An observational study to assess changes in social inequality in smoking-attributable upper aero digestive tract cancer mortality among Canadian males between 1986 and 2001
1 Community Dental Health Services Research Unit, Discipline of Dental Public Health, Faculty of Dentistry, University of Toronto, Toronto, ON M5G 1G6, Canada
2 Centre for Global Health Research, Li Ka Shing Knowledge Institute, St. Michael’s Hospital, Toronto, Canada
3 Dalla Lana School of Public Health, University of Toronto, Toronto, Canada
BMC Public Health 2013, 13:328 doi:10.1186/1471-2458-13-328Published: 10 April 2013
Tobacco and low socioeconomic status have been acknowledged as potential risk factors for upper aero-digestive tract (UADT) cancers in North America. In context of reducing adult male smoking prevalence (by over 50%), in the past few decades in Canada, this study tried to document changes in smoking-attributable UADT cancer mortality rates, among Canadian males of different social strata, between 1986 and 2001.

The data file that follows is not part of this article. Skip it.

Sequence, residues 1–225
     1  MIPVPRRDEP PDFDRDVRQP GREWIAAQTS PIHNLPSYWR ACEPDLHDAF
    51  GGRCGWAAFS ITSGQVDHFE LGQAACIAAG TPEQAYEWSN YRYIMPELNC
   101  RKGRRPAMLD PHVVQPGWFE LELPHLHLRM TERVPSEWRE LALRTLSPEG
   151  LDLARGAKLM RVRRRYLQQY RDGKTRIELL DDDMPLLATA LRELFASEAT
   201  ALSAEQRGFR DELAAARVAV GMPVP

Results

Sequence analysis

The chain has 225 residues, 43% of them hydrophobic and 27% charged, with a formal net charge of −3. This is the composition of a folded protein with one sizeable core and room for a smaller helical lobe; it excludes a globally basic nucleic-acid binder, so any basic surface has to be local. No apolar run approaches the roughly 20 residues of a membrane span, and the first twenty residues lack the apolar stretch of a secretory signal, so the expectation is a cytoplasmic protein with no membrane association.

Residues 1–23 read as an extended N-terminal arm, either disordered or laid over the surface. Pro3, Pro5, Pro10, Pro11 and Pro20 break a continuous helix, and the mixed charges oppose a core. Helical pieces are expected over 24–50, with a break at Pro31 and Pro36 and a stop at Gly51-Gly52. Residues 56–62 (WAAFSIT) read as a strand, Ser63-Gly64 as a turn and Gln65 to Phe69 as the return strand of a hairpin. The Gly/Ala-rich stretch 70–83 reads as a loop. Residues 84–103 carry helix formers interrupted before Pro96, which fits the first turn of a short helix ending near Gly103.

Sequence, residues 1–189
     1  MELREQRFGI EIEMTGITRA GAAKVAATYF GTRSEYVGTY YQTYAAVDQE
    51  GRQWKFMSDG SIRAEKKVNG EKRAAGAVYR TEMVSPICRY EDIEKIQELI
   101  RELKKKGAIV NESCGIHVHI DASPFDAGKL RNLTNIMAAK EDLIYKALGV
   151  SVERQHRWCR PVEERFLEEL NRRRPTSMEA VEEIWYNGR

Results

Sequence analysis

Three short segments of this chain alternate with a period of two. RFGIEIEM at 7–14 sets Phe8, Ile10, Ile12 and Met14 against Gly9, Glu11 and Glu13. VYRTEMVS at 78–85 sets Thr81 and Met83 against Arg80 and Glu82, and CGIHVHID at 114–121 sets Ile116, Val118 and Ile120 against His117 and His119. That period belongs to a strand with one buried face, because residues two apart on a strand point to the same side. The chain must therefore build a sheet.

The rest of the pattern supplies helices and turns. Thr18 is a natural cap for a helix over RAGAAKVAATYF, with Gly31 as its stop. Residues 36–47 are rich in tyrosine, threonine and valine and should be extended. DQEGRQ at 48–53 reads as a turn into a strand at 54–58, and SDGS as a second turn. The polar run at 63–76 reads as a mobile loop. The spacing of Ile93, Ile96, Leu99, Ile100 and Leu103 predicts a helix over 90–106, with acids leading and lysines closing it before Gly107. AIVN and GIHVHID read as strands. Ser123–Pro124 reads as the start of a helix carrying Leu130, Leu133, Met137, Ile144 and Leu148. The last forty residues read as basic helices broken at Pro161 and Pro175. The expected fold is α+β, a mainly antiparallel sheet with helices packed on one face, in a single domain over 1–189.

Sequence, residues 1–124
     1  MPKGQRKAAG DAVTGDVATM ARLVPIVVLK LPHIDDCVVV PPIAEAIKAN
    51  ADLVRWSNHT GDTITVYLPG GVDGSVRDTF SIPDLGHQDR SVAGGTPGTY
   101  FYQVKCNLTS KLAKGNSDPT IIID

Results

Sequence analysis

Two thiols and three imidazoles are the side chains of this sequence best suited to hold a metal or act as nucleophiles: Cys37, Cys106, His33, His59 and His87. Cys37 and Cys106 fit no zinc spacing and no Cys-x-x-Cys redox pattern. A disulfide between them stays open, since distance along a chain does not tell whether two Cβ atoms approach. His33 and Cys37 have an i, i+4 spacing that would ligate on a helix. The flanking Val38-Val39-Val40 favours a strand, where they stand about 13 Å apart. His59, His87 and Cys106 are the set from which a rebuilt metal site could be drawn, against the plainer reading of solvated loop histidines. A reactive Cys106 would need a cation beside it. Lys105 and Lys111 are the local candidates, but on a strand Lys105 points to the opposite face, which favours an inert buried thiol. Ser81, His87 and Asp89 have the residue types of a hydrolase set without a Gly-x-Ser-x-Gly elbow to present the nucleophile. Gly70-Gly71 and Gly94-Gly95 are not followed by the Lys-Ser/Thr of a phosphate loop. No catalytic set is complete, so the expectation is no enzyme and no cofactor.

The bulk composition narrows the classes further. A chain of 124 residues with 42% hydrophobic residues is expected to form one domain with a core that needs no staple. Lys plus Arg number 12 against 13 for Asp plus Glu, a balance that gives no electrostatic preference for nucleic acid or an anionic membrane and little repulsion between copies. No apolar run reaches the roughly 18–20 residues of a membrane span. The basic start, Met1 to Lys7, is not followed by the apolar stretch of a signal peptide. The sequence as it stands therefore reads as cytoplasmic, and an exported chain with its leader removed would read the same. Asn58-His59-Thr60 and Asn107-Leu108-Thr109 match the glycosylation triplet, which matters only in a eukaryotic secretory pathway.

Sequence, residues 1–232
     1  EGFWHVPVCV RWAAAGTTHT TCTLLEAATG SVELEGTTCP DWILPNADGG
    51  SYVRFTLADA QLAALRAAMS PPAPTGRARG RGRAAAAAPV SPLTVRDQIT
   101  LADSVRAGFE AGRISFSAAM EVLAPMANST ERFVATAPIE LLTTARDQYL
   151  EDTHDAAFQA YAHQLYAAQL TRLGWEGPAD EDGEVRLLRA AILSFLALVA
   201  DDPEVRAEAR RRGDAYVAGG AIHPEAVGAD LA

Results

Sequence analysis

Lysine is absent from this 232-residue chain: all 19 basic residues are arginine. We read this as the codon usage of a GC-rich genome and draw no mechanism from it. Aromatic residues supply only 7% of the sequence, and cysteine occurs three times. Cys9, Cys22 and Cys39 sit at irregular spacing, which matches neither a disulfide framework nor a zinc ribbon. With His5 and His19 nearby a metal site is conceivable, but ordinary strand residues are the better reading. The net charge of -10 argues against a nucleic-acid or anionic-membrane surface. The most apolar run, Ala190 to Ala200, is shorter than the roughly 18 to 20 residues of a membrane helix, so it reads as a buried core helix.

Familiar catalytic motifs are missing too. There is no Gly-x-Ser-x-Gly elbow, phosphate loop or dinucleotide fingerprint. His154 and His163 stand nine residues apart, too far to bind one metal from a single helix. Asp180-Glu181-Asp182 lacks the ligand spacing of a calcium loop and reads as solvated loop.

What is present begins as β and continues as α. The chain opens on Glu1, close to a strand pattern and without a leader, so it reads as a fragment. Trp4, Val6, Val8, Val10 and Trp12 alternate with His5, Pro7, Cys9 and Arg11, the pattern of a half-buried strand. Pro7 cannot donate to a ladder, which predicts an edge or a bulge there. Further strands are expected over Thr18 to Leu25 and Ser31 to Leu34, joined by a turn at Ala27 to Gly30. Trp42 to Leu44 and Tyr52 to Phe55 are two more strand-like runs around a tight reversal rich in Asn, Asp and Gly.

The contribution of smoking to UADT cancer mortality was estimated indirectly by using lung cancer mortality as an indicator of the accumulated mortality from smoking in a population. This method was applied to UADT cancer death rates of 35–69 year old socially stratified males. Data, stratified by neighborhood income quintile, could be obtained from Statistics Canada, for four census years, 1986, 1991, 1996, and 2001.
A total of 2704 male deaths were analyzed. Between 1986 and 2001, UADT cancer deaths reduced by 30% (32 to 22 per 100,000) but the proportion of these deaths attributable to smoking reduced much more, by 41% (22 to 13 per 100,000). In the span of fifteen years, absolute social inequality (measured by rate difference between the highest and the lowest stratum) in smoking-attributable male UADT cancer mortality in Canada reduced by 47% and relative social inequality (measured by rate ratios) reduced by 9%.
The present analyses reveal that between 1986 and 2001, smoking-attributable UADT cancer mortality rates among adult males (35–69 years) in Canada reduced in all social strata and the social inequalities in these rates have narrowed. Analysis of more current data will be of interest to confirm these trends.